Religion is a system of beliefs and practices that people use to give meaning to their lives. It often deals with ultimate concerns, such as a belief in a creator or in life after death. It also commonly involves a code of moral behavior, sacred texts or scriptures, religious holidays, symbols, and places that are deemed to be holy.
Many attempts to analyze religion have used a “monothetic” approach, in which membership in a category is determined by the presence of a set of defining properties. However, over the past few decades, scholars have shifted to what is called a “polythetic” approach. Polythetic approaches treat the concept of religion as a social genus rather than as a monolithic entity.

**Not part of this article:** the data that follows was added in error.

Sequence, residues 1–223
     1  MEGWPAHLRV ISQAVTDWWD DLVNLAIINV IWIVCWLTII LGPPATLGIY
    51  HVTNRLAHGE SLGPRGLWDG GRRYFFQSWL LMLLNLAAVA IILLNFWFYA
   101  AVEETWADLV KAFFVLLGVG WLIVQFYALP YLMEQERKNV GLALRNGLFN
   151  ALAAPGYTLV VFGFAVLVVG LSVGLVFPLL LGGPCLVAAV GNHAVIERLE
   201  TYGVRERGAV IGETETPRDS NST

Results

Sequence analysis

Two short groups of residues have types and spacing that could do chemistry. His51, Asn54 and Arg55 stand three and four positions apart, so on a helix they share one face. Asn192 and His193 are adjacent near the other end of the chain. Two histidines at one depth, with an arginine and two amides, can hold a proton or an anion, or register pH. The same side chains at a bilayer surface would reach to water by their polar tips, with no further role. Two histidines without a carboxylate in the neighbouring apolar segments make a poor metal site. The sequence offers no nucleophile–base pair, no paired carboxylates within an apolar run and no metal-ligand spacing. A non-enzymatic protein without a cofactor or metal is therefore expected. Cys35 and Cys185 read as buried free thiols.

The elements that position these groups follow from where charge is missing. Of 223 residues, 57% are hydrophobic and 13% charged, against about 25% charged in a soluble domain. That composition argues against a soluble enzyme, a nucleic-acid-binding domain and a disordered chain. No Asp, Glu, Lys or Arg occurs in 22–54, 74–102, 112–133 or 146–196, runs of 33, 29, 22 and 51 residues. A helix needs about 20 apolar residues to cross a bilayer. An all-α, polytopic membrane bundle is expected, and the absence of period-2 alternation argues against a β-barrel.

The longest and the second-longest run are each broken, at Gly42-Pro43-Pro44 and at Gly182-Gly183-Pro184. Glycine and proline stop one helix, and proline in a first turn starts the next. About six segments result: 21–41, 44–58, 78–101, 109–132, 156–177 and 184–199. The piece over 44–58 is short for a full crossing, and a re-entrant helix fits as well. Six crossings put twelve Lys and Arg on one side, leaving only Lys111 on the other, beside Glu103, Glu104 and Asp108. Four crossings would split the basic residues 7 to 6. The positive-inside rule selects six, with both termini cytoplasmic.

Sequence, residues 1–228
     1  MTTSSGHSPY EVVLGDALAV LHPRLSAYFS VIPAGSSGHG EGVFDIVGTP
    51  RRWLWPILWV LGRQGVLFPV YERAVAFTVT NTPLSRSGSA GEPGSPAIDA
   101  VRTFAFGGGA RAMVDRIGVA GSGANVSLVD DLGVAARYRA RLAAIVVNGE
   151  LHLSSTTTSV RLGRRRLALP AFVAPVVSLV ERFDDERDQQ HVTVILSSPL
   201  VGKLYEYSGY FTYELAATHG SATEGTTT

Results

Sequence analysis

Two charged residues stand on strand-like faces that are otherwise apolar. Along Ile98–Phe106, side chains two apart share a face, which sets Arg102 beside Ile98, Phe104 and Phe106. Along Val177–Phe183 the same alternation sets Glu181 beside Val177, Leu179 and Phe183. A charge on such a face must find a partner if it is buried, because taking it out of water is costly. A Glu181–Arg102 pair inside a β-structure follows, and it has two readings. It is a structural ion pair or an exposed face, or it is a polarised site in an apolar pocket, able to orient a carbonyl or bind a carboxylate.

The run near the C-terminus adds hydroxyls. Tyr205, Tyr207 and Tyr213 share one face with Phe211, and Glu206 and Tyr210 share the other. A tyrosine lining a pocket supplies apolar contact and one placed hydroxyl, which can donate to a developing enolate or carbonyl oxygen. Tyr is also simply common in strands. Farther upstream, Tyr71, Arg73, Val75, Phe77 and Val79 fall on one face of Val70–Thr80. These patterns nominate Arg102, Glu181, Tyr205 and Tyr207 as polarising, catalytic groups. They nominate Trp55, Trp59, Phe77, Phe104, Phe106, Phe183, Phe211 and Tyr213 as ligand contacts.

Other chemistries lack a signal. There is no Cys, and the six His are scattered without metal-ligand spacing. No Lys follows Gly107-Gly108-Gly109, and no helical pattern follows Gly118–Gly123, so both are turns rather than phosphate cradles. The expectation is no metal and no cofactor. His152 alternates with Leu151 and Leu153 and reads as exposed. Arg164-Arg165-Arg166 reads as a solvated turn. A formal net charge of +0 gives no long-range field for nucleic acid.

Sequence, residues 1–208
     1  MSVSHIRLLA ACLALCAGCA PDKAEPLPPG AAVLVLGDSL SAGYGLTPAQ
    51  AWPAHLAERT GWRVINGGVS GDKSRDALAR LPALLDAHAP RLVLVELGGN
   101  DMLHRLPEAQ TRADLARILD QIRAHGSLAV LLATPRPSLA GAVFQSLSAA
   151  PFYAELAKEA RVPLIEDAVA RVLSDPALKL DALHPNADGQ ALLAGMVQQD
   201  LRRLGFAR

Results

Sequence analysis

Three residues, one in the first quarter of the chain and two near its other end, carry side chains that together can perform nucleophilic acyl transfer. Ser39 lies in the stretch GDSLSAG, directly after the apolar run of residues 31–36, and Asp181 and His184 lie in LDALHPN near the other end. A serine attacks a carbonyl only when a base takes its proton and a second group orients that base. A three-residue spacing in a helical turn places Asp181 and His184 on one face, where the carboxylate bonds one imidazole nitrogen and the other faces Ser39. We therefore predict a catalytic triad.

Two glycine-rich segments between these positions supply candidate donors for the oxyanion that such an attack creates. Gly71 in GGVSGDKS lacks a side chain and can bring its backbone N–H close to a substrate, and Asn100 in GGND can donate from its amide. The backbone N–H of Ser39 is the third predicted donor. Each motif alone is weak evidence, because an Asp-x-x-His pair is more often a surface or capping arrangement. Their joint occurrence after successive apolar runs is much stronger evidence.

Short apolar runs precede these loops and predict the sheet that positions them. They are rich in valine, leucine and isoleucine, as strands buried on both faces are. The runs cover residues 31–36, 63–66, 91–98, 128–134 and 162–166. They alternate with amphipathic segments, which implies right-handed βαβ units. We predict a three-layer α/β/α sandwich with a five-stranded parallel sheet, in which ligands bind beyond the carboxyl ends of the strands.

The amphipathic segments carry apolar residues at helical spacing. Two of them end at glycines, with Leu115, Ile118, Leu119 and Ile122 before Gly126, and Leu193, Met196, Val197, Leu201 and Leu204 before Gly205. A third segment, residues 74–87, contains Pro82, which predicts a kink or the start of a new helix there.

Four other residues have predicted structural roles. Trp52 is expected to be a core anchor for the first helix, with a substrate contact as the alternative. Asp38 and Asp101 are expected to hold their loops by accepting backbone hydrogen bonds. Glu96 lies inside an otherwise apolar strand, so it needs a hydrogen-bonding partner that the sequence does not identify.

A common view of a religion is that it has four characteristics: a) a transcendent deity or spirits, b) a code of conduct, c) a group of believers who hold the same beliefs and values, and d) some sort of social organization to manage those beliefs and practices. While this definition is a valid one, it is important to note that, as mentioned above, the concepts of religion are culturally constructed and not universally applicable.
Sociological perspectives on religion focus on understanding the functions that it serves and the problems, such as inequality, that it can reinforce and perpetuate. A summary of the major views can be found in Table 17.1. The conflict perspective focuses on how people use religion to resolve conflicts and the symbolic interactionist perspective focuses on how religion creates and sustains social groups.